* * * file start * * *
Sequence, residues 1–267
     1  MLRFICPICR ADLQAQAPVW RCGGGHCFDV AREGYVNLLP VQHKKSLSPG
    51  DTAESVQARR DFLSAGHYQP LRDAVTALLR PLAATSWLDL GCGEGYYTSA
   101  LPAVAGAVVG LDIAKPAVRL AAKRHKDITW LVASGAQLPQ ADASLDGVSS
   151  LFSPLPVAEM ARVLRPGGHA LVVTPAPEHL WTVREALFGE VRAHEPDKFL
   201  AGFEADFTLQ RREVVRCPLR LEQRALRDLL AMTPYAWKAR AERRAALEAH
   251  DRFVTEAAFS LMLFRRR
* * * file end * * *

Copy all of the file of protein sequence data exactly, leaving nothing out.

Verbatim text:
Sequence, residues 1–267
     1  MLRFICPICR ADLQAQAPVW RCGGGHCFDV AREGYVNLLP VQHKKSLSPG
    51  DTAESVQARR DFLSAGHYQP LRDAVTALLR PLAATSWLDL GCGEGYYTSA
   101  LPAVAGAVVG LDIAKPAVRL AAKRHKDITW LVASGAQLPQ ADASLDGVSS
   151  LFSPLPVAEM ARVLRPGGHA LVVTPAPEHL WTVREALFGE VRAHEPDKFL
   201  AGFEADFTLQ RREVVRCPLR LEQRALRDLL AMTPYAWKAR AERRAALEAH
   251  DRFVTEAAFS LMLFRRR